Actually the example you showed should compile just fine (except for the syntax errors). Look at this: This example compiles without error as shown, however if you uncomment the last line you will get a compile time error: What's happening is that you can't use a reference until its been definitely assigned, the compiler cannot guarantee that the while loop will ever execute, therefore it cannot guarantee that 'var' will be definitely assigned. [ June 30, 2007: Message edited by: Garrett Rowe ]
Some problems are so complex that you have to be highly intelligent and well informed just to be undecided about them. - Laurence J. Peter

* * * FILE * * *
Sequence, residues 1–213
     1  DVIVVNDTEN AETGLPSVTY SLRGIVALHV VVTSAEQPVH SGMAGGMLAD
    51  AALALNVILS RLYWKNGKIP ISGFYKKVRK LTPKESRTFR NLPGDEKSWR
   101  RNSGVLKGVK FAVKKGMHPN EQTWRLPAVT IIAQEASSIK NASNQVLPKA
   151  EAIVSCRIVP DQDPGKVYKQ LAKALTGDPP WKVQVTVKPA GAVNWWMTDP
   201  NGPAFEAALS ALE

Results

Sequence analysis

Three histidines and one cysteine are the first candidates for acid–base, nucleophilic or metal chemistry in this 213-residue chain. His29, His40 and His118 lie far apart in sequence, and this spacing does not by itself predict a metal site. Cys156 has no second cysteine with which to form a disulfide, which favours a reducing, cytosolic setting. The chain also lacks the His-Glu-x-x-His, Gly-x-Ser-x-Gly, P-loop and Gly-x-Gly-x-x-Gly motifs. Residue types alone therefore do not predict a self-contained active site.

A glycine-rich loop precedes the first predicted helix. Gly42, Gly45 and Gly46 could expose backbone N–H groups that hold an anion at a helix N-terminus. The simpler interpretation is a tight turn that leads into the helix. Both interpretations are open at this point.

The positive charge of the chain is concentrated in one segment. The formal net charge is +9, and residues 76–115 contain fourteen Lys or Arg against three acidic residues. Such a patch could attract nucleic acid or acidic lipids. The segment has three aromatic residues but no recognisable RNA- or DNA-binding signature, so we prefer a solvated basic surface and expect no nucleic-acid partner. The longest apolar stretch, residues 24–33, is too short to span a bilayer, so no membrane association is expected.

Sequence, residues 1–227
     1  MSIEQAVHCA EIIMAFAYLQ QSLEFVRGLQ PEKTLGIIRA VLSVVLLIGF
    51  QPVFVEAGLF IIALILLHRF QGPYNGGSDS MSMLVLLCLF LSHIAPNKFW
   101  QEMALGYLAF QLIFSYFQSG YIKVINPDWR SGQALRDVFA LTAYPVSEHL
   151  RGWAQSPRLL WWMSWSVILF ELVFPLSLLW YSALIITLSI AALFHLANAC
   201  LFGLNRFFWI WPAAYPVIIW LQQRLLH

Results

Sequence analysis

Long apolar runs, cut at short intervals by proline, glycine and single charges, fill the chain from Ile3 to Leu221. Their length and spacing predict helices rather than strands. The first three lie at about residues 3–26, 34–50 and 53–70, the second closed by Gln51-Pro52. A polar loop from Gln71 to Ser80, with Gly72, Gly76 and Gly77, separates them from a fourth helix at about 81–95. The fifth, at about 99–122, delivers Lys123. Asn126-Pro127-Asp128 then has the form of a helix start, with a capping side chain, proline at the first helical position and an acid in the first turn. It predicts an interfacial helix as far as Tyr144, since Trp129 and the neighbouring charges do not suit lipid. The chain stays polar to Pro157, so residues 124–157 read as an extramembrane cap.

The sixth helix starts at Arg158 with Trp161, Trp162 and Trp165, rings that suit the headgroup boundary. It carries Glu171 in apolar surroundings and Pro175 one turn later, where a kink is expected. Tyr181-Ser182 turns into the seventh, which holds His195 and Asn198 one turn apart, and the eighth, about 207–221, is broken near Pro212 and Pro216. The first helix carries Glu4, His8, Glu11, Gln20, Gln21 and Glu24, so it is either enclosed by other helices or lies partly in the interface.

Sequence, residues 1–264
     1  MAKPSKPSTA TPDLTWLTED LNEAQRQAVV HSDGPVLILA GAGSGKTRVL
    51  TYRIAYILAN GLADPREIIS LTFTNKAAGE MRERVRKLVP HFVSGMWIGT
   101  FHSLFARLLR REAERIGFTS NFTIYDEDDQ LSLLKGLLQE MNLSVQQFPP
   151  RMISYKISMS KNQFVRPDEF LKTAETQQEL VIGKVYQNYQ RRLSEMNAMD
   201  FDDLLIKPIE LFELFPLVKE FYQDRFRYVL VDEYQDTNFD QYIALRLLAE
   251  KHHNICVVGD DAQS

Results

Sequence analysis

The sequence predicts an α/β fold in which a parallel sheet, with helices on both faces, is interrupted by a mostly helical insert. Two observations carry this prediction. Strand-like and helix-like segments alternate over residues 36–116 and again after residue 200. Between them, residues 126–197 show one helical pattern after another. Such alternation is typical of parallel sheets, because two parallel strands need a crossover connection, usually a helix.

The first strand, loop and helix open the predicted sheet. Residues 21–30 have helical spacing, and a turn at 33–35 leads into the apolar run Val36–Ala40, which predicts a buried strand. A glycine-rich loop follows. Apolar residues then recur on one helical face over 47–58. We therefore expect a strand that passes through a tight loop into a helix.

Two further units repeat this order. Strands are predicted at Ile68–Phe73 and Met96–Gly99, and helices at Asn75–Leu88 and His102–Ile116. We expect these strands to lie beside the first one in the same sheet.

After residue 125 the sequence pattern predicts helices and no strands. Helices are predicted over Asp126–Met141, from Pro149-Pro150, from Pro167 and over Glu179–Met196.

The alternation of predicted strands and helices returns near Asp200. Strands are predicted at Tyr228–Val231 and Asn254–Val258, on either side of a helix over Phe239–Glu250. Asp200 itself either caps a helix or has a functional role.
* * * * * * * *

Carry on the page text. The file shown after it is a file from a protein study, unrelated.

Joined: Jan 17, 2006
Just to throw another log on this fire, this compiles without error: because the compiler can infer that the loop will definitely execute at least once. [ June 30, 2007: Message edited by: Garrett Rowe ]
I may not know the right way to say it, but, I have noticed in several texts that, even though in the order of your method's sequence you ARE setting the variable before it is used, IF it is down in nested logic, it can STILL throw the compiler and cause a warning to be generated. Those books say that the correct thing to do in these cases is to initialize the variable to some reasonable value when it is declared.
SCJP - 86% - June 11, 2009